Nerve And Skin Probelms

While your loved one is undergoing chemotherapy, you need to be aware of the symptoms of nerve and skin problems that may require medical treatment.

Nerve And Muscle Effects

Sometimes anticancer drugs can cause problems with your body’s nerves. One example of a condition affecting the nervous system is peripheral neuropathy, where you feel a tingling, burning, weakness, or numbness or pain in the hands and/or feet. Some drugs can also affect the muscles, making them weak, tired, or sore.

Sometimes, these nerve and muscle side effects, though annoying, may not be serious. In other cases, nerve and muscle symptoms may be serious and need medical attention. Be sure to report any nerve or muscle symptoms to your doctor. Most of the time, these symptoms will get better; however, it may take up to a year after your treatment ends.

Some Nerve And Muscle-Related Symptoms Include:

  • Tingling
  • Burning
  • Weakness or numbness in the hands and/or feet
  • Pain when walking
  • Weak, sore, tired or achy muscles
  • Loss of balance
  • Clumsiness
  • Difficulty picking up objects and buttoning clothing
  • Shaking or trembling
  • Walking problems
  • Jaw pain
  • Hearing loss
  • Stomach pain
  • Constipation

How Can I Cope With Nerve And Muscle Problems?

  • If your fingers are numb, be very careful when grasping objects that are sharp, hot, or otherwise dangerous.
  • If your sense of balance or muscle strength is affected, avoid falls by moving carefully, using handrails when going up or down stairs, and using bath mats in the bathtub or shower.
  • Always wear shoes with rubber soles (if possible).
  • Ask your doctor for pain medicine.

Effects On Skin And Nails

You may have minor skin problems while you are having chemotherapy, such as redness, rashes, itching, peeling, dryness, acne, and increased sensitivity to the sun. Certain anticancer drugs, when given intravenously, may cause the skin all along the vein to darken, especially in people who have very dark skin. Some people use makeup to cover the area, but this can take a lot of time if several veins are affected. The darkened areas will fade a few months after treatment ends.

Your nails may also become darkened, yellow, brittle, or cracked. They also may develop vertical lines or bands.

While most of these problems are not serious and you can take care of them yourself, a few need immediate attention. Certain drugs given intravenously (IV) can cause serious and permanent tissue damage if they leak out of the vein. Tell your doctor or nurse right away if you feel any burning or pain when you are getting IV drugs. These symptoms do not always mean there is a problem, but they must always be checked at once. Don’t hesitate to call your doctor about even the less serious symptoms.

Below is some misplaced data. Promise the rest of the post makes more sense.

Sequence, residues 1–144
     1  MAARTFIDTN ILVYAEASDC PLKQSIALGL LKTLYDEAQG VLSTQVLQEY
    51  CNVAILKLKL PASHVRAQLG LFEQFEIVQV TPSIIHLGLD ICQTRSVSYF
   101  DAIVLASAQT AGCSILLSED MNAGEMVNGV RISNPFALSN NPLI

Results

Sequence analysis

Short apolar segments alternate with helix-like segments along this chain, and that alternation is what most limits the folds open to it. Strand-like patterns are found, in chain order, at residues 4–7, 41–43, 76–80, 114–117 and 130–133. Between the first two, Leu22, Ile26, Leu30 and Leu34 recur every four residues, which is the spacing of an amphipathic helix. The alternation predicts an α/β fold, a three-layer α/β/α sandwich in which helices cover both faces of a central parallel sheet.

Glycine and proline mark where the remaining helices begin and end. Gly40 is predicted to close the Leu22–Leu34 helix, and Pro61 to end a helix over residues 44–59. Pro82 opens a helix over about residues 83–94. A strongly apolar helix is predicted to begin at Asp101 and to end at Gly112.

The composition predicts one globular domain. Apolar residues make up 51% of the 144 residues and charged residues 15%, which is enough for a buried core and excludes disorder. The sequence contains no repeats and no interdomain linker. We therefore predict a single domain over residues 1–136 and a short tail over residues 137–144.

Some symptoms may mean you are having an allergic reaction that may need to be treated at once. Call your doctor or nurse right away if:

  • You develop sudden or severe itching.
  • Your skin breaks out in a rash or hives.
  • You have wheezing or any other trouble breathing.

How Can I Cope With Skin And Nail Problems?


  • Try to keep your face clean and dry.
  • Ask your doctor or nurse if you can use over-the-counter medicated creams or soaps.

Itching And Dryness

  • Apply corn starch as you would a dusting powder.
  • To help avoid dryness, take quick showers or sponge baths. Do not take long, hot baths. Use a moisturizing soap.
  • Apply cream and lotion while your skin is still moist.
  • Avoid perfume, cologne, or aftershave lotion that contains alcohol.
  • Use a colloid oatmeal bath or diphenhydramine for generalized pruritis.

Nail Problems

  • You can buy nail-strengthening products in a drug store. Be aware that these products may bother your skin and nails.
  • Protect your nails by wearing gloves when washing dishes, gardening, or doing other work around the house.
  • Be sure to let your doctor know if you have redness, pain, or changes around the cuticles.

Sunlight Sensitivity

  • Avoid direct sunlight as much as possible, especially between 10 a.m. and 4 p.m. when the sun’s rays are the strongest.
  • Use a sun screen lotion with a skin protection factor (SPF) of 15 or higher to protect against sun damage. A product such as zinc oxide, sold over the counter, can block the sun’s rays completely.
  • Use a lip balm with a sun protection factor.
  • Wear long-sleeve cotton shirts, pants and hats with a wide brim (particularly if you are having hair loss), to block the sun.
  • Even people with dark skin need to protect themselves from the sun during chemotherapy.

© Copyright FamilyCare America, Inc. All Rights Reserved.

Reprinted from Chemotherapy and You: A Guide to Self-Help During Cancer Treatment, NIH Publication #99-1136, developedby the United States National Institutes of Health National Cancer Institute, June 1999.

You are in the
Click for related topics:
Heart Disease, HIV/AIDS 
and more...

Caregivers Handbook

This handy guide provides resources, checklists and worksheets
 - all in one place.